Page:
Saturday, 6 April 2013

The Journey Begins..

It was still early morning - nearly dark and surprisingly cool as Reyno and I stepped into the fairly well maintained sandy- coloured Land Rover Defender at the start of Easter Weekend of 2004.  We had come to Tanzania in search of a new source for the stunning bright green dravite tourmaline known as “chrome-tourmaline”. With its spectacular grassy hue attributable to elemental chromium trapped in its crystal structure, this vibrant green gemstone is rarer than both emerald and tsavorite garnet, though it does not yet command the same prices. 

The climate in Moshi, – a town directly, and very briefly, south of Mount Kilimanjaro is quite different from the heat and humidity of Dar es Salaam and thus the chill in the morning air caught me somewhat pleasantly  by surprise.
Armed with the sure knowledge of rumours, a “map’ that bore print not dissimilar to the previous night’s spaghetti leftovers trailing sparsely across a crumpled and battered page and a keen sense of optimism we set forth for a village, not actually indicated on the map and known to us only as “Nabarera”.

The 550 million year old Merelani antiform is a massive horse-shoe shaped structure that basks in the shadows of Mount Kilimanjaro in Tanzania. This ‘antiform’ embraces around 2000 square kilometres, with each arm (or flank of the shoe) stretching between 60 and 70 kilometres south. The antiform is a magnificent geological feature that plays host to some of the world’s most sought after gemstones including Tanzanite, Tsavorite and of course Chrome Tourmaline. 

The latter saw us eagerly setting off on our jaunt into the unknown. The distance we were to travel was only around 120 kilometres, however I use the term “only” rather loosely, as the going in Africa can become so bad that 10 kilometres can take a good few hours out of one’s day. – This fine morning however we had quickly left the town’s paved roads and were traveling at a comparatively brisk pace of around 25 kilometres per hour on the rough and sandy road that leads through the centre of the antiform.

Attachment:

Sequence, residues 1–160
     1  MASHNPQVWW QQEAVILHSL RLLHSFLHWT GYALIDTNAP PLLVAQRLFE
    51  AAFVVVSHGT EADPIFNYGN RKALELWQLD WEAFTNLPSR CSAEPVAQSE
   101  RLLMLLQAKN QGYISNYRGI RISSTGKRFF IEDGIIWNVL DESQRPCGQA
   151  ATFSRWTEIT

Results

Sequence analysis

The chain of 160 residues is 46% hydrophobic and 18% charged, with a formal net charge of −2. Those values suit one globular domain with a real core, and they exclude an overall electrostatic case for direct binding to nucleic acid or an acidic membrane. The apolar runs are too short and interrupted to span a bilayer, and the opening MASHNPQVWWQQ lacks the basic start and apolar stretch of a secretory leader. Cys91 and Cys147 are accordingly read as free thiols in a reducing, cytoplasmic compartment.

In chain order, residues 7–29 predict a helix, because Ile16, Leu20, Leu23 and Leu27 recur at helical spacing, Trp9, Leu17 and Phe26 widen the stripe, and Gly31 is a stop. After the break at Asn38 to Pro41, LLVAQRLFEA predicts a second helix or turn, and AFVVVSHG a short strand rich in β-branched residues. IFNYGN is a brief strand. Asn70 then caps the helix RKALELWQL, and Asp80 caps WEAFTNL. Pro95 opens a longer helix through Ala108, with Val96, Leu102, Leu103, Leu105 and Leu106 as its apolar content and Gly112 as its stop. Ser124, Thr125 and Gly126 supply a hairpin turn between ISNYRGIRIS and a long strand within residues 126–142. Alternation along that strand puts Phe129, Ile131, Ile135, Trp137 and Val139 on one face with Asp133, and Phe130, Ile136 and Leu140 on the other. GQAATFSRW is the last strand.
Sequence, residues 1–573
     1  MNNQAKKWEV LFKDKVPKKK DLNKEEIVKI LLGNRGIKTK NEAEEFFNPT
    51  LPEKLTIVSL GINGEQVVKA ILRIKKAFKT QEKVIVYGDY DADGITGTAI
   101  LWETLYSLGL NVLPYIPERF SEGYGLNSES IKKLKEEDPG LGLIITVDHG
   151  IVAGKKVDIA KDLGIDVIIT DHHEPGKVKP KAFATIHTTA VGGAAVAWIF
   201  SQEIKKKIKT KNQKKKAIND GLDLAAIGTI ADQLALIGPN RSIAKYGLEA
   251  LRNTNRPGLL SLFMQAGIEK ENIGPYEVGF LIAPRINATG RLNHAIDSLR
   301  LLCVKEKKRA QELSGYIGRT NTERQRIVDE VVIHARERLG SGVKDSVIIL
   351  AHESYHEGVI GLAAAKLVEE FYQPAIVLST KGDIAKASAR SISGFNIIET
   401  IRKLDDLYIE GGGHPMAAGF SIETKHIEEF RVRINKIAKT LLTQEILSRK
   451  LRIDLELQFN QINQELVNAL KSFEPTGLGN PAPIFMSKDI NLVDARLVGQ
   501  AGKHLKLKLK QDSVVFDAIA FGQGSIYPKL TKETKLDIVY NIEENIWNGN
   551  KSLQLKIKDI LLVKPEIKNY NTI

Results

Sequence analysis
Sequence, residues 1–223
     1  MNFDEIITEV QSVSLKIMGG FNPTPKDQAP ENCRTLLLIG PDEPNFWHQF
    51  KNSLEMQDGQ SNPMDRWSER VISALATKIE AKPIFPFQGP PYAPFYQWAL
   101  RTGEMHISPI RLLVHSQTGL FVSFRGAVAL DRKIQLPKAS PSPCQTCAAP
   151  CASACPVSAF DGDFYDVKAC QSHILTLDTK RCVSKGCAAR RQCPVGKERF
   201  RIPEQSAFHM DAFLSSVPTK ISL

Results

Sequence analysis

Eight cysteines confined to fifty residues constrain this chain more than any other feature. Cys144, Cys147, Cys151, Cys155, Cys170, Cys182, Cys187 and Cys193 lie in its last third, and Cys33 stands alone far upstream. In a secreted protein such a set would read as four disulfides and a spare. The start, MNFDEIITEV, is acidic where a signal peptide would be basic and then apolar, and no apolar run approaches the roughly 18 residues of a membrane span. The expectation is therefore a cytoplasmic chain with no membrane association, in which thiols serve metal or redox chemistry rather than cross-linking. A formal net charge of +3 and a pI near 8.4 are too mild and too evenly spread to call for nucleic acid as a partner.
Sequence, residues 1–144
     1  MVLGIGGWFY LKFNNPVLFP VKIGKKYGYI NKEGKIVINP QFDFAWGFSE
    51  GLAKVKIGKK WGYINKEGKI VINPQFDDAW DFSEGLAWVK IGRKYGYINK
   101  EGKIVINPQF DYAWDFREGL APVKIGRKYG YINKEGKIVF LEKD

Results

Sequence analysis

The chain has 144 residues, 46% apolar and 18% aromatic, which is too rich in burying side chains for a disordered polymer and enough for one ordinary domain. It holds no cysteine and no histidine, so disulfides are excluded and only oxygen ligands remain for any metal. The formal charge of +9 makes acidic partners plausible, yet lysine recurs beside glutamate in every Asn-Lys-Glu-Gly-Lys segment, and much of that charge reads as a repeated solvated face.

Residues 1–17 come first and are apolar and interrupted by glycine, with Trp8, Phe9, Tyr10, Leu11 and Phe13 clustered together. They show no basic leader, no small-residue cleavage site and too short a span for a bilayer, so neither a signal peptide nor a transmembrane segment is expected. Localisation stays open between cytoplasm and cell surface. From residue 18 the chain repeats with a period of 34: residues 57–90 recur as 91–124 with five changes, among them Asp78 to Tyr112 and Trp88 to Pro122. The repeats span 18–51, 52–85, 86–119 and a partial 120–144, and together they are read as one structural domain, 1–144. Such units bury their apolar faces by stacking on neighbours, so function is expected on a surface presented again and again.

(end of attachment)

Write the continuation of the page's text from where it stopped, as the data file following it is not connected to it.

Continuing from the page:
For the first two hours or so as we traversed the length of the massive horse-shoe, I was enthralled at the beauty of the Tanzanian landscape. Thorn trees dotted a horizon capped by the brilliant blue skies that only those who have spent time in the equatorial African bush would truly grasp.  –There seems to be a blueness and clarity that must have been painted by the gods themselves.

It is a well-known fact that in Africa you are never alone, and this is no more obvious than when nature starts to knock nervously at your consciousness as it did with me that fine morning.  There is no such thing as a “one-stop” or “ultra-city” to lure one in to refuel and refresh on the plains of darkest Africa and so the intrepid traveller must find a suitable patch and make do. Now, for some things I just plain “like my privacy’ and the privy ranks pretty high on that list. Of course, as the nature of my dilemma became more and more pressing, the less cover there seemed to be, the fewer trees and bushes and the more people were suddenly studded about the savannah.  It is a sad truth that when the bladder is crying out nothing else can enter one’s mind except to find relief.  I was not, however going to forego propriety in the process and so, after frantically searching for some suitable site for more than an hour, finally we came upon a “village” consisting of exactly 3 houses and some goats. – On the other side of the road however there was a large tree with a thick bush beneath. Without a word, Reyno – who had been watching me both squirm and refuse to go ‘just anywhere’ with growing fascination, tapped our driver on the shoulder and the car stopped.  It seemed like only seconds later, much relieved, that I noticed to my dismay that the thick bush that I was now occupying was in fact covered in a myriad of tiny, nasty and very sharp barbs. As I tried to gently extricate myself from said bush, these little barbs would grab a hold on any part of either my clothing or anatomy that they could find, leading to a very uncomfortable few minutes. – As my jeans were still around my knees I was not about to call for help! (This scene still keenly reminds me of the film "the  god's must be crazy" but without the land rover ending hoist up in a tree..) 

Finally, after some very bad language, I managed to emerge, relatively unscathed. As I rounded the tall-tree-big-bush-bathroom I was immediately accosted with the riveting site of an extremely elderly, virtually toothless Maasai bearing down on me with great enthusiasm. As he neared I began to glean that he had been partaking of something highly intoxicating and was as a result extremely happy to see me, and about to give me a great big welcoming kiss! Now, as delighted as I was to have had the use of the big tree, I was not quite ready for an up-close and personal encounter with a drunk Maasai. Thankfully my overjoyed grin whilst furiously kissing the palm of my hand and frantically waving it with as much enthusiasm as I could muster seemed to satisfy our new-found friend-for-life and we could finally haul out the spaghetti map and start asking the local populace how to find Nabarera.